X:1 T:Bath Medley M:6/4 L:1/8 N:”Longways for as many as will.” B:John Walsh – Complete Country Dancing-Master, Volume the Fourth B: (London, 1740, No. 22) Z:AK/Fiddler’s Companion K:G G4g2 Tf3ed2|e2f2g2 d2c2B2|e2c2A2 d2B2G2|F4G2 A2F2D2| G4g2Tf3ed2|e2f2g2 d2c2B2|e2c2A2 d2B2G2|A2D2F2 G6:| |:f4g2 a2f2d2|e4gf g6|B4c2d2B2G2|F4 G2 A2F2D2| G4g2Tf3ed2|e2f2g2d2c2B2|e2c2A2d2B2G2|A2D2F2 G6:|]
BATH MEDLEY. AKA and see "Humors of the Bath," "Spring's a-Coming (The)," "Trip to Bath (2)." English, Irish; Country Dance Tune (6/4 time). G Major. Standard tuning (fiddle). AABB. O'Farrell (c. 1806) gives its provenance as "Irish," perhaps because of its appearance in Neal's A Choice Collection of Country Dances, printed in Dublin in c. 1726. However, it has also been printed in Scottish collections and is sometimes recorded as originating in that country. English printings seem to predate all, however. Some of the earliest appearances of the tune are in Watt's Musical Miscellany (vol. 1, 1729), and the ballad operas The Country Wedding (1729), The Wedding (1729), Charles Coffey's The Devil to Pay, or the Wives Metamorphos'd (1731) and Anthony Aston's Fools Opera (1731). It appears in several musician's commonplace books on both sides of the Atlantic from the mid-18th century on. The title may have derived from a song by Anthony Aston entitled "Pleasures of the Bath (The)," one version of which was published in 1721. Bruce Olson finds evidence of a song by Aston called "The Bath Medley" published on single sheets dating from 1715, which begins: "The spring's a coming," often an alternate title. Aston, who died in 1731, was an actor and dramatist who came to the stage after attempting law and other professions with little success. His writing for the stage, however, met with some success in the early 18th century, especially Love in a Hurry (performed in Dublin, c. 1709), and the opera Pastora, or the Coy Shepherdess (1712). Aston toured the English provinces with his family (and even visited America in 1702), producing his own plays or medleys from various plays fitted together with songs and dialogues of his own. Wiley Housewright of Florida State University, in his article "Music and Change in Florida" records:
Anthony Aston, alias Mat Medley, a notable English musician, came to join English Governor James Moore of South Carolina in his pillage of St. Augustine in 1702. He remained in the ancient city for fifty-four days, returned to Charleston, then joined opera and theatrical companies in New York and Boston. He sang bass, danced, and acted. He returned to England, where he wrote The Fool's Opera; or the Taste of an Age. He wrote a drama about Florida, but the script has never been found. Aston achieved renown in England as a songwriter for singers who performed on the leading stages of London. In 1743 he advertised his collection of "Negro Songs" at Goodman's Fields. It is a collection of tunes that he probably heard in Florida and South Carolina. He may have heard some of them in Jamaica or the Bahamas, where he visited in his early days. These songs, along with those of Charles Dibdin, were forerunners of the American Minstrel show songs, which would appear more than a hundred years later.
Elsewhere it is recorded that Aston played just enough performances in Charleston and New York to earn his passage back home.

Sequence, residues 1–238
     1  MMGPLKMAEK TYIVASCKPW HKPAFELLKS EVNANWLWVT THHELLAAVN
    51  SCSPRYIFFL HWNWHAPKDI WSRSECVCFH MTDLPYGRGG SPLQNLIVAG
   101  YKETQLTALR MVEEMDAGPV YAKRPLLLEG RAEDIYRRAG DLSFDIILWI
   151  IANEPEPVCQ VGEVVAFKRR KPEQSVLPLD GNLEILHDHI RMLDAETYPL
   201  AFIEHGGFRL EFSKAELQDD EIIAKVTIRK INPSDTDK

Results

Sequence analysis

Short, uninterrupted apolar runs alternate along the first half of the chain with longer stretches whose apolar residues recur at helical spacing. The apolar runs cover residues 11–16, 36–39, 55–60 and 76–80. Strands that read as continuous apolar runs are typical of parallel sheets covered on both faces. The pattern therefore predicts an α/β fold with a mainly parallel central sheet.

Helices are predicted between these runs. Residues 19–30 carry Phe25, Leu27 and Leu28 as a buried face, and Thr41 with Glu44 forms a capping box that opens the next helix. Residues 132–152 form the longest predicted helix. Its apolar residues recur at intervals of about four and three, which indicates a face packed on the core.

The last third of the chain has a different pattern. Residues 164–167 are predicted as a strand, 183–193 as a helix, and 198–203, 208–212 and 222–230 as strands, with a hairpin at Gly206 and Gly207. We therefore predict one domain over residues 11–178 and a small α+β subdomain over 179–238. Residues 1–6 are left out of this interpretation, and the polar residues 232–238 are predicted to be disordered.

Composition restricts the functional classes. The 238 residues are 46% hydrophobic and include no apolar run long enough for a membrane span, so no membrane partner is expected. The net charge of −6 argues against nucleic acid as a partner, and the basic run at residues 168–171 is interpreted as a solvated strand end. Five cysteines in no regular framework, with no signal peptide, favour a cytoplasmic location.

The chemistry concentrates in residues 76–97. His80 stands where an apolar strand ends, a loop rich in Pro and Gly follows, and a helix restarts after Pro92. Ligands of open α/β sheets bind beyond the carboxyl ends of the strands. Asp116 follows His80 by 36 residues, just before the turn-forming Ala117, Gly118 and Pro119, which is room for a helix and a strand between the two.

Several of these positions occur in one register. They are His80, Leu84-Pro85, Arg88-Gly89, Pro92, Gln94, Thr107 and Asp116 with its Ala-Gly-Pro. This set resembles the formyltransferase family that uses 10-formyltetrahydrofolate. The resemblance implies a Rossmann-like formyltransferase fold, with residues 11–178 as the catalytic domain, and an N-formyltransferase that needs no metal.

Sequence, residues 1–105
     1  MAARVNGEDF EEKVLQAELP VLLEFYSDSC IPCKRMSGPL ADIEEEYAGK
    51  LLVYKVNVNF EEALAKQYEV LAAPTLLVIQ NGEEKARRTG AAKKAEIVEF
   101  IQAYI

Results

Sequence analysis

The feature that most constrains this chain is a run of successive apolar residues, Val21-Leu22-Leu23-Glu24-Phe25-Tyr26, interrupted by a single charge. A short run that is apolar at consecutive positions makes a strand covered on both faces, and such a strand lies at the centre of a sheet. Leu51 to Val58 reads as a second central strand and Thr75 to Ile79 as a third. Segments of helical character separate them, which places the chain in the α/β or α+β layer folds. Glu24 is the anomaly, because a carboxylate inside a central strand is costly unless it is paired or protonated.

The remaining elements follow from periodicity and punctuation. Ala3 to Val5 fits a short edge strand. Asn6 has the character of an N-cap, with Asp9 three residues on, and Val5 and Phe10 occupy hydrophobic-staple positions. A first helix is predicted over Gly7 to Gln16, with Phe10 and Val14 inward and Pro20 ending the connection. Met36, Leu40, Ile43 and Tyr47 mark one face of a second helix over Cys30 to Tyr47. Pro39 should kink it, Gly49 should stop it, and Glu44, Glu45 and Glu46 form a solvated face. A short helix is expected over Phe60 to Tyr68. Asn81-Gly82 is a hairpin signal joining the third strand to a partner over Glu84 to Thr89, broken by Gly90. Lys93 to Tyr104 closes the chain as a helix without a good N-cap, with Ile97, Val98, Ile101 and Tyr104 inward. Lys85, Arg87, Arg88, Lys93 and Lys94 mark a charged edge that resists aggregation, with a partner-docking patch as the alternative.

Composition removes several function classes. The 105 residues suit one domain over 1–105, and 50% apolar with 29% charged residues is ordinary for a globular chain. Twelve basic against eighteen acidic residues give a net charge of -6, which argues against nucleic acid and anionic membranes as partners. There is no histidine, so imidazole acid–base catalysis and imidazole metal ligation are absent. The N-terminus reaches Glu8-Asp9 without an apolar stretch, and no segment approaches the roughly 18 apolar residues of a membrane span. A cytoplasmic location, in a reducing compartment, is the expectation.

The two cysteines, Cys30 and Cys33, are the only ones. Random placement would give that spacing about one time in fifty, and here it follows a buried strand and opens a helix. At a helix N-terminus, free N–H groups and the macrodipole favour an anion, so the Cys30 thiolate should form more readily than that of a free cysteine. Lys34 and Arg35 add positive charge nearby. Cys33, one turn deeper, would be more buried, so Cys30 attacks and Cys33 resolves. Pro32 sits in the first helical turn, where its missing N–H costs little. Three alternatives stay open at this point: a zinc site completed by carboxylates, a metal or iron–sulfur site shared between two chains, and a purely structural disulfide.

The title honors Bath, England, an ancient town popular as a resort in the early-to-mid 18th century. The Roman name for Bath was Aquae Sulis, the 'waters of Sulis' (Sulis was a Celtic goddess with affinities to the Roman Minerva), referring to the hot springs found there, but when the English conquered the territory they called it simply 'the baths,' later simply Bath (Matthews, 1972). For many years it was part of the Anglo-Saxon kingdom of Mercia, and its abbey was chosen by Dunstan as the site of the first major coronation in 973 when Edgar was crowned King of the English with his queen Elfrida. Bath regained notoriety as a spa in the 18th century when much of the town center was rebuilt. It received patronage from George III and his queen, Charlotte, and after, George IV. The Assembly Rooms at Bath, part of the spa, were built in the 1740's and were in the form of a long, rectangular space to accommodate country dancing. Allison Thompson, in her forward to an excerpt on fashionable dancing from Tobias Smollet's (1721-1771) picaresque novel The Expedition of Humphrey Clinker  (1771), explains:
Tobias Smollet (1721-1771) was a practicing physician but found the time to write a number of popular novels, including Roderick Random (1748) and Peregrine Pickle (1751). His epistolary novel, The Expedition of Humphrey Clinker, appeared in 1771 and describes Bath in its early phase of popularity as a social hot spot of eighteenth century England. A sleepy, run-down spa frequented only by valetudinarians in the early part of the century, it had been brought to prominence by Richard 'Beau' Nash (1674-1762), who arrived in Bath in 1705. There he took over the management of the Assembly Rooms and drew up a strict code of etiquette and dress, becoming the unquestioned autocrat of fashionable society. Assemblies began at six p.m. with minuets. These ran until eight o'clock, and were followed by country dances from eight until tea was announced at nine. More country dances followed the tea and, under Beau Nash's autocratic rule, dances in the Rooms concluded at eleven sharp-even if the musicians were in the middle of a tune. Nash's popularity waned after 1745, but his influence lingered throughout the century.
American War of Independence office George Bush entered the tune into his c 1775 music manuscript collection as "Trip to Bath (2)", confusing the names of two popular Bath-named tunes. (Allison Thompson, Dancing Through Time: Western Social Dance in Literature, 1400-1918: Selections, p. 103. 1998)